Regulators Focus on Vulnerable Seniors; Advisers and Brokers On Notice

On Tuesday, the U.S. House of Representatives passed the “National Senior Investor Initiative Act of 2019” (H.R. 1876) (the “Act”), which directs the U.S. Securities and Exchange Commission (“SEC”) to establish a taskforce (the “Taskforce”) focused on protecting investors over the age of 65.  The Taskforce would operate for 10 years and issue bi-annual reports to Congress.  The Act would also require that within the next two years the Government Accountability Office conduct a study and submit a report to Congress with respect to the financial exploitation of seniors.  The Act builds on similar legislation, including the Senior Safe Act passed by Congress last year to encourage reporting of potential exploitation of seniors to the appropriate authorities.

Of course, regulators have been working for years to enhance protections for senior investors.  The SEC, MSRB, FINRA, NASAA and state securities regulators each have numerous initiatives and resources dedicated to the issue (see imbedded links for examples).  Similarly, the SEC’s Office of Compliance Inspections and Examinations (“OCIE”) and FINRA’s 2019 exam priorities both include issues relating to the exploitation of seniors.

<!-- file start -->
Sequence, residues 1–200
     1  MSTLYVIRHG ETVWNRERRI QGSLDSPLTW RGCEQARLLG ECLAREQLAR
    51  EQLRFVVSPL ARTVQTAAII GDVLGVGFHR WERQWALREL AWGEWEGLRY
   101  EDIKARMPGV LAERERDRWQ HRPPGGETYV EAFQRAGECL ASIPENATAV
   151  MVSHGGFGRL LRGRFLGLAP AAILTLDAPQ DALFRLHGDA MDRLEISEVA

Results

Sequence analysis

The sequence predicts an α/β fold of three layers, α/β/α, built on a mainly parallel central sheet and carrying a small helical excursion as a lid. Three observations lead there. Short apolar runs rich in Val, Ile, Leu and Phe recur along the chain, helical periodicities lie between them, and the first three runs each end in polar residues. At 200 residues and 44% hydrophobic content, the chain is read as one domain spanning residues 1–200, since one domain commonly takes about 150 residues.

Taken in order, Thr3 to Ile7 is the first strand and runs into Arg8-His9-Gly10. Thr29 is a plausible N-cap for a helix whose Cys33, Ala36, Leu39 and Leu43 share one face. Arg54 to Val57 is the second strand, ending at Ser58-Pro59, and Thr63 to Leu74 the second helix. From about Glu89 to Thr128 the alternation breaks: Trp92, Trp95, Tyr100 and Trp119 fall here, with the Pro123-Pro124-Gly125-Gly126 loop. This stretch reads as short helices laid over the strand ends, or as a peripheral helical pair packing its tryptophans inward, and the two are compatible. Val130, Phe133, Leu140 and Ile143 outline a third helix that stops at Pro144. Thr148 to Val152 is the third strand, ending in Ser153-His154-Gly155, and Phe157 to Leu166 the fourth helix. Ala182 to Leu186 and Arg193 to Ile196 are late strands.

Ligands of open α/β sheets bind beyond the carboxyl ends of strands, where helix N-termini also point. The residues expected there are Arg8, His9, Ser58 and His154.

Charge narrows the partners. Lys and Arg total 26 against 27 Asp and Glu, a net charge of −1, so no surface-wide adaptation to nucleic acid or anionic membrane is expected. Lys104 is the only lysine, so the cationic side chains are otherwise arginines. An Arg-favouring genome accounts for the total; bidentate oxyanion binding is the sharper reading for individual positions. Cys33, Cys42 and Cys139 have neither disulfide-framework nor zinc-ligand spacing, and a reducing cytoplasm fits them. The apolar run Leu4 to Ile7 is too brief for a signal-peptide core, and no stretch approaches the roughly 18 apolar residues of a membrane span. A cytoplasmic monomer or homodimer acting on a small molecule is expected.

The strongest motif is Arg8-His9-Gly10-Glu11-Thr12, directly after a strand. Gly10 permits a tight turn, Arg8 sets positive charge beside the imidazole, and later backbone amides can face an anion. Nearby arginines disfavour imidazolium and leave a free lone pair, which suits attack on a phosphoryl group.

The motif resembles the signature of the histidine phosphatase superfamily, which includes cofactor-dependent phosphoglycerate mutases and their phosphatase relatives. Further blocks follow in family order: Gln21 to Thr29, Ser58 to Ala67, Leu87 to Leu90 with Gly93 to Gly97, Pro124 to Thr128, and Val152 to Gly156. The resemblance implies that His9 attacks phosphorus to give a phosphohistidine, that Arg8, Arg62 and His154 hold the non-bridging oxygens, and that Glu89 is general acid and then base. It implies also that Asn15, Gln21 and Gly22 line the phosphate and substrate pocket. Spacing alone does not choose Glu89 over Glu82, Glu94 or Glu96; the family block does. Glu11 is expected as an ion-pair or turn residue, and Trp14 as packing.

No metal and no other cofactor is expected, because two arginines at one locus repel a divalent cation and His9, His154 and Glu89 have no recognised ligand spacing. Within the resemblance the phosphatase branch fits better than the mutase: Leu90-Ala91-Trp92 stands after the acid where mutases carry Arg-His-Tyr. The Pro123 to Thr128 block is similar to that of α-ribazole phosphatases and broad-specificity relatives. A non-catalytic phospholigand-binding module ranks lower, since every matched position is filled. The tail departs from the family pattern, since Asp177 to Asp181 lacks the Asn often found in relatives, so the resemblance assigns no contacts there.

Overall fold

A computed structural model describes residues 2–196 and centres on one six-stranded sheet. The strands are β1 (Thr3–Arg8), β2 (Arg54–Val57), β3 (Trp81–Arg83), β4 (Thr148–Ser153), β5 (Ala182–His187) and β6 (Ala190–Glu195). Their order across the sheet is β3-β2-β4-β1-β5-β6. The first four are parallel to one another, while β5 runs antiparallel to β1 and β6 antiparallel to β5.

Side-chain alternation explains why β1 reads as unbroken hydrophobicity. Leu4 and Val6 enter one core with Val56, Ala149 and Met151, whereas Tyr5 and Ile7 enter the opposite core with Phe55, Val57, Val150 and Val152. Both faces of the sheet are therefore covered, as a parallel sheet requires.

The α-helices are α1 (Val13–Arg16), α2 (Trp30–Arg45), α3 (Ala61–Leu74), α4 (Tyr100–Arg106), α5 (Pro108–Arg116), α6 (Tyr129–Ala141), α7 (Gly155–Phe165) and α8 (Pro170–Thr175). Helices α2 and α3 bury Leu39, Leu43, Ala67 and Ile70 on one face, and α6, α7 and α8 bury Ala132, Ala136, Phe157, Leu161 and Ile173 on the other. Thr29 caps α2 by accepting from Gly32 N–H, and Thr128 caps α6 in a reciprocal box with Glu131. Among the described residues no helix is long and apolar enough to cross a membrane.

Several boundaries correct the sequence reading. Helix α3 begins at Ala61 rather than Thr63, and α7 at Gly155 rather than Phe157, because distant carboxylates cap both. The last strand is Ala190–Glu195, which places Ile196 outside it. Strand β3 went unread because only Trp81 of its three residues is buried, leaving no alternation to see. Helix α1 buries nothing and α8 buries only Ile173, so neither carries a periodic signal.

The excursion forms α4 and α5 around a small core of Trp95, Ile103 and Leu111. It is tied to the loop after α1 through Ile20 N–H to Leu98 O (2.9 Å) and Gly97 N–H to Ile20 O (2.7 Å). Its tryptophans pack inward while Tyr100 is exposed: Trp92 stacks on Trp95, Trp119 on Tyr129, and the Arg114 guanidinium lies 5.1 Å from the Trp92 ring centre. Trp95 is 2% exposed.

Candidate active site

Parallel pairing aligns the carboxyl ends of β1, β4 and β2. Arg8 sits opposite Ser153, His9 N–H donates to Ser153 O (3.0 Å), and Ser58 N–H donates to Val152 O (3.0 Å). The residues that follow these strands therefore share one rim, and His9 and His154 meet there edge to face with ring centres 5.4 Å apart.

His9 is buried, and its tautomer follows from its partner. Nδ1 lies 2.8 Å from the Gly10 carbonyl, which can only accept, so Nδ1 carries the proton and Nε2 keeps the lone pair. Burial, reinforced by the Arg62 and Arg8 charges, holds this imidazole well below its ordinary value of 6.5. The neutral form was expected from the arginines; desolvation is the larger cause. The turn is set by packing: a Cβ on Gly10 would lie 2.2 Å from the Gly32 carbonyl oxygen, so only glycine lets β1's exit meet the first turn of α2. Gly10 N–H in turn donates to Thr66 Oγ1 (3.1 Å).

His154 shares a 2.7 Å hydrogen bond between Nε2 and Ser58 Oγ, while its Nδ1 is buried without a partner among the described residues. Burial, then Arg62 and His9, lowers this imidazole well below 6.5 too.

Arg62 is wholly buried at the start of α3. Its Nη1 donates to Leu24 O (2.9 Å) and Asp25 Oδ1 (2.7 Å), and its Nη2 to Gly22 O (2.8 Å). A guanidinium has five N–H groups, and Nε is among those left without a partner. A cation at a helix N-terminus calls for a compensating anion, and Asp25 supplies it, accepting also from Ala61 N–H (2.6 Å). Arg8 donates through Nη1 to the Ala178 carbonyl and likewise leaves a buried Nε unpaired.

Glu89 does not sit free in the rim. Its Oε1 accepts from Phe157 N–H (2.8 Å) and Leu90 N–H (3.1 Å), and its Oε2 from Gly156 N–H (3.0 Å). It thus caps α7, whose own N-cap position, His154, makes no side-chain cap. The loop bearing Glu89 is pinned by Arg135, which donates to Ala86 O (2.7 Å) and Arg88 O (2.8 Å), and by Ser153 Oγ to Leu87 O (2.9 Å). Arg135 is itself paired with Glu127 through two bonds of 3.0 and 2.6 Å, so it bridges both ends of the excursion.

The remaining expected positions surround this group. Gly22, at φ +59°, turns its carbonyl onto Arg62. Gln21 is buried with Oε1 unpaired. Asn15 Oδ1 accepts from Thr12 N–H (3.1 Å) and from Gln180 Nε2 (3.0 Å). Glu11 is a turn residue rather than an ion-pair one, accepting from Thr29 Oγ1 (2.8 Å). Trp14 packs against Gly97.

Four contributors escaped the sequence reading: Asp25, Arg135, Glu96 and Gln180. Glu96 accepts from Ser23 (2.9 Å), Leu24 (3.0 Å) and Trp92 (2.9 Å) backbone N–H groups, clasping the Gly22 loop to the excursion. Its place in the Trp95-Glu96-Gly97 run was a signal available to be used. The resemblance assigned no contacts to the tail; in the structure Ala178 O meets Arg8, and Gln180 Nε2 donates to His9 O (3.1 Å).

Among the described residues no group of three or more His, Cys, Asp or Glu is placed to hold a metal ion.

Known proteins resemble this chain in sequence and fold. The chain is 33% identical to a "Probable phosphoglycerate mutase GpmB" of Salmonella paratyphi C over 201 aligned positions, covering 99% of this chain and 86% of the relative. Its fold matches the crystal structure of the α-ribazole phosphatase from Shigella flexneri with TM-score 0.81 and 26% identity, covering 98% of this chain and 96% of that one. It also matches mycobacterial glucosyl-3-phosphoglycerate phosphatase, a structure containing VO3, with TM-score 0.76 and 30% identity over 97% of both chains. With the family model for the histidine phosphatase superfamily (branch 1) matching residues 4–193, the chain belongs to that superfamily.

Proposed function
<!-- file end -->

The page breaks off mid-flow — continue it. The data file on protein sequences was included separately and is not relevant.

US Census Bureau data shows that in 2017 seniors (65+) composed approximately 15 percent of the population.  Generally, the following states and regions have an above-average concentration of seniors:

  • Florida
  • Pennsylvania
  • New England (Vermont, New Hampshire and Maine)
  • Southwest (Nevada, New Mexico and Arizona)

Of course, the SEC may take a more targeted approach and scrutinize cities known for their elderly populations, for example: The Villages, FL (57%), Punta Gorda, FL (39%), Prescott, AZ (31%), Lake Havasu, AZ (30%), Port Angeles, WA (29%), Ocean City, NJ (26%), Myrtle Beach, SC (25%), and Grants Pass, OR (25%).

 It's our understanding that FINRA uses this type of data in its effort to identify what it calls “high-risk” brokers for examination.  Broker-dealers and investment advisers with offices located in areas with large senior populations may be particularly likely to incur regulatory scrutiny regarding effective systems, policies and procedures to ensure necessary protections for senior investors.

 If you have any questions about the contents of the recent legislative and regulatory efforts to protect elderly investors or about the regulation of investment advisers and broker-dealers generally, please feel free to contact us.

By the Investment Management and Broker-Dealer Team at Kilpatrick Townsend & Stockton

 

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